August of 2011 will be remembered for two things: It was the month our summer heat and drought moved from the extreme category to ‘historic,’ and we’ll also remember the brief, but welcome break from the heat we enjoyed on Friday, August 12th and Saturday the 13th.
Combined with July’s relentless string of 100-plus highs and 80-plus lows that carried into August, the summer of 2011 is on pace to be the second-hottest summer in North Texas, behind only 1980. And unlike 1980, most of Texas is nearly two years deep in what is now recognized as an ‘extreme to exceptional’ drought.
Looking at historical averages, our normal high would be about 96 degrees with a normal low of 75 and slightly less than two inches (1.91”) of rain during the month. But as August came to a close, the average high in Denton was running over 103 degrees, the average low was 79 and rainfall was 1.56”.
All of our rain came on one lovely Saturday morning, August 13th after a temporary storm-outflow boundary, followed by an actual cold front, dipped through the area.
Late Friday afternoon, a dissipating thunderstorm upstream blew dark clouds and a rain-cooled air mass through Denton. Early the next morning, a leftover thunderstorm complex brought several hours of much-needed rain to North Texas, giving Denton and DFW Airport a high of just 87 degrees. The next day, we reached 98 and thereafter, began a new string of 100-plus highs that continued with virtually no relief through the end of the month.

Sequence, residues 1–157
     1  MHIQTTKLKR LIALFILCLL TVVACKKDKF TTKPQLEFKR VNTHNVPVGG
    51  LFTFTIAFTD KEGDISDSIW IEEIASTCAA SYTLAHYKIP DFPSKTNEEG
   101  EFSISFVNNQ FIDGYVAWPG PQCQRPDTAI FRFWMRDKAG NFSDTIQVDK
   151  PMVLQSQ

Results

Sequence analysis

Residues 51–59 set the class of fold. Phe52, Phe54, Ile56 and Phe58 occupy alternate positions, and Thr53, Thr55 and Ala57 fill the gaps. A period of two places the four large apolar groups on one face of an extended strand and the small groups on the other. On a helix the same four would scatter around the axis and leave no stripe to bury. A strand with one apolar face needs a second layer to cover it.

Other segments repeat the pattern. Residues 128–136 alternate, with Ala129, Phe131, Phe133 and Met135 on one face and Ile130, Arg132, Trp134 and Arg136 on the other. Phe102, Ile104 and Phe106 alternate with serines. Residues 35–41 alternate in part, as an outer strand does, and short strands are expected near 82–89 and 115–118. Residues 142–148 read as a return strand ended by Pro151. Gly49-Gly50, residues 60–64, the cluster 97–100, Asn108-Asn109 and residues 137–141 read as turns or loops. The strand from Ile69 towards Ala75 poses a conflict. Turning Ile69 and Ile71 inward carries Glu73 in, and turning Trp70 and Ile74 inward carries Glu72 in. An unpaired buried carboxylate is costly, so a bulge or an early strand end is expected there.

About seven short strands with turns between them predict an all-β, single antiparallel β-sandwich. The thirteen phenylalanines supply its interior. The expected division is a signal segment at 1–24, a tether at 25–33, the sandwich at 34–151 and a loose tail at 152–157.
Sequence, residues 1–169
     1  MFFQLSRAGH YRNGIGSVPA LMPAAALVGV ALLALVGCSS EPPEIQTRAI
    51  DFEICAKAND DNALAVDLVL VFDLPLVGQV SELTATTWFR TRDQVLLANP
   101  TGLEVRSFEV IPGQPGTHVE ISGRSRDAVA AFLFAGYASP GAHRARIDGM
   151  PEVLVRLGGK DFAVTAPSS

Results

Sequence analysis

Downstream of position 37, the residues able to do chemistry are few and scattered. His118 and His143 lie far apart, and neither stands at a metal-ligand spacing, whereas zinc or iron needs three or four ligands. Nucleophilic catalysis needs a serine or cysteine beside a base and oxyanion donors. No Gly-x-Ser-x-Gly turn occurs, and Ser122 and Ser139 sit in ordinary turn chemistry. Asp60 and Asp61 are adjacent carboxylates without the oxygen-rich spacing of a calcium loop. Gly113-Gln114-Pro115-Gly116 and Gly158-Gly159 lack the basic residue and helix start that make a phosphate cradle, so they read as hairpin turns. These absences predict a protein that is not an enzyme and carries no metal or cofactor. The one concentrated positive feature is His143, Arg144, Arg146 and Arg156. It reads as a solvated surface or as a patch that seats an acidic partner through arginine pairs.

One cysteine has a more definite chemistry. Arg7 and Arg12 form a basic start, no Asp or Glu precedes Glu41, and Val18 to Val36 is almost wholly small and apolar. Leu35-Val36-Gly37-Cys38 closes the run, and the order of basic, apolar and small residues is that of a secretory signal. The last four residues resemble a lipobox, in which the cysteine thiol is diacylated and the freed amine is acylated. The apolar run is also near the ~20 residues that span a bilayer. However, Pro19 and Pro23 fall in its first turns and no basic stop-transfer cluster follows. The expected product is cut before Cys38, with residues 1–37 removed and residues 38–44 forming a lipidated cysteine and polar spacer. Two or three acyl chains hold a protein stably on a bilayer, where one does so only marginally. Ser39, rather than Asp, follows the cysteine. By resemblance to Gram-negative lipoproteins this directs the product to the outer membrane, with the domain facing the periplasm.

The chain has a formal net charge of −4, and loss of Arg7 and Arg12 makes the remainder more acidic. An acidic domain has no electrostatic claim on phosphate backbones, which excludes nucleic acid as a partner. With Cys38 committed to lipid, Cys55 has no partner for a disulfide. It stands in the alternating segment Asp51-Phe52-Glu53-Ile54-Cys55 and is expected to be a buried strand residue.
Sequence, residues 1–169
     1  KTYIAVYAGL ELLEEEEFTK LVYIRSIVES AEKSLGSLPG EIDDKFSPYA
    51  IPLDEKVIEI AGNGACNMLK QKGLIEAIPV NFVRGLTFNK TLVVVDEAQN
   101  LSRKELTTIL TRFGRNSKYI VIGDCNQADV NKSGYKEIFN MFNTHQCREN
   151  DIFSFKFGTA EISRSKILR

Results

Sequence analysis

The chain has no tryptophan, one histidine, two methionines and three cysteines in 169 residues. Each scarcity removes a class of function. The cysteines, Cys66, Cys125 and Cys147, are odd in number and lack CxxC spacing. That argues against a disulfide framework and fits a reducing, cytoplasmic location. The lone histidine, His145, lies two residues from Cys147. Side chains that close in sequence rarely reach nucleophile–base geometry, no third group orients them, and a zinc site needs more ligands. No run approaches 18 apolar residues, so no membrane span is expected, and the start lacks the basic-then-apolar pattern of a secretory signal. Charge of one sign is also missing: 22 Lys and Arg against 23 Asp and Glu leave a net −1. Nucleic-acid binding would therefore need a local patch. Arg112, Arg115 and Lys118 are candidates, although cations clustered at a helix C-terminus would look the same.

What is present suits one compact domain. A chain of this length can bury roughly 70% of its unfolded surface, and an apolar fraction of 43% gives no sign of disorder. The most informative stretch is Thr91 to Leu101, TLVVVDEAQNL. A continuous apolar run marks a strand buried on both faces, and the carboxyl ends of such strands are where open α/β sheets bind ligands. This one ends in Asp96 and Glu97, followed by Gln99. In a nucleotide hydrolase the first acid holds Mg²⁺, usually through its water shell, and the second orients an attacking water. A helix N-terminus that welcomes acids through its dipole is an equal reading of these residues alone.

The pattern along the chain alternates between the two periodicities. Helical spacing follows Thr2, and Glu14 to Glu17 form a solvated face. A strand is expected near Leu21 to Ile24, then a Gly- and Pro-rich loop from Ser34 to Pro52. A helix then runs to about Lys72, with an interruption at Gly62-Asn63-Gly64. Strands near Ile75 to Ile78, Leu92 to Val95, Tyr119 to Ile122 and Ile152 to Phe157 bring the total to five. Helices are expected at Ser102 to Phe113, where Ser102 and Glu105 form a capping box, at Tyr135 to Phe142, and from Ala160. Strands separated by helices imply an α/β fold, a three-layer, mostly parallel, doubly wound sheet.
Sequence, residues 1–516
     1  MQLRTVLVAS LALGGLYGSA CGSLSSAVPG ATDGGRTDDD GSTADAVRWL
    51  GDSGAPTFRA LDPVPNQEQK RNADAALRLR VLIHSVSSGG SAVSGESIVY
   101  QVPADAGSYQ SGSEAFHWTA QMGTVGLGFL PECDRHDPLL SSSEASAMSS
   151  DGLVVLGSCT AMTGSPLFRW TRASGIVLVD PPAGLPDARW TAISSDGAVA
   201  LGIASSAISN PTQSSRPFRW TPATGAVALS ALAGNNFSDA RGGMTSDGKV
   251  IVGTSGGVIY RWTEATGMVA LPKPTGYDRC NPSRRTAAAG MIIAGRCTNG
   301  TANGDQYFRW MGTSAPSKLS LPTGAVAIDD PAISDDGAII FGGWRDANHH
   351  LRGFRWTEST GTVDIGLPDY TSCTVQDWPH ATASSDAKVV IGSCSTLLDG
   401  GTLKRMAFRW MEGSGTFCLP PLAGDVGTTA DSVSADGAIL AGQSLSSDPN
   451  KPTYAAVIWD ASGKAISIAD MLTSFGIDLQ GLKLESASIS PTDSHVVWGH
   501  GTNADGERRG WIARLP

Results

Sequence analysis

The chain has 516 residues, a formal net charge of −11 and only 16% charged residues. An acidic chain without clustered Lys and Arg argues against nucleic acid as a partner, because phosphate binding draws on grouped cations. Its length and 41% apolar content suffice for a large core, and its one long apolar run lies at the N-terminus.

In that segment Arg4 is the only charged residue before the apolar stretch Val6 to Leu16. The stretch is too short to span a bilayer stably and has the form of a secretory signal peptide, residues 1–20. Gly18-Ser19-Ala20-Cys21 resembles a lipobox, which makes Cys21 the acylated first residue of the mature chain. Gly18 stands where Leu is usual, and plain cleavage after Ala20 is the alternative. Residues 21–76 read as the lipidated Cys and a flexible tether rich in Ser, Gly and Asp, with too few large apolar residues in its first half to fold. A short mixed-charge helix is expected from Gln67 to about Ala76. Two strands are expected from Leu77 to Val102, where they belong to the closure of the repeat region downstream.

Looking ahead to the fall and winter months, the long-range forecasts are not encouraging. Pacific Ocean temperatures have returned to normal, marking an end to the “La Nina” phase in the Northern hemisphere. However months and, in some cases, years of drought have killed all but one source of rainfall for North Texas – the Gulf of Mexico. A tropical storm or hurricane could always change things in a hurry, but don’t count on it.
While we can expect a fairly normal frequency of Pacific storm systems hitting the West Coast this fall, most of their rainfall will be spent west of the Continental Divide. Eastern Colorado and New Mexico lie in the Rockies’ “rain-shadow” and those areas have already dried out to near desert-proportions. The resulting lack of available ground-moisture to be evaporated into the atmosphere and precipitated out over Texas means we have entered a cycle of drought that is not likely to end for some time. It may rival the 7-year Texas drought known as the “Mini-Dustbowl” of the mid-1950’s. Long-range forecasts indicate near or above-normal temperatures and below-normal rainfall month after month through the spring of 2012.
While most of us are worried about rolling blackouts from high electricity use, we should all plan on a prolonged scarcity of our most precious natural resource – water.
Brad Barton is Chief Meteorologist of WBAP 820 AM/96.7 FM and Founder of WeatherInTouch.net warning technologies.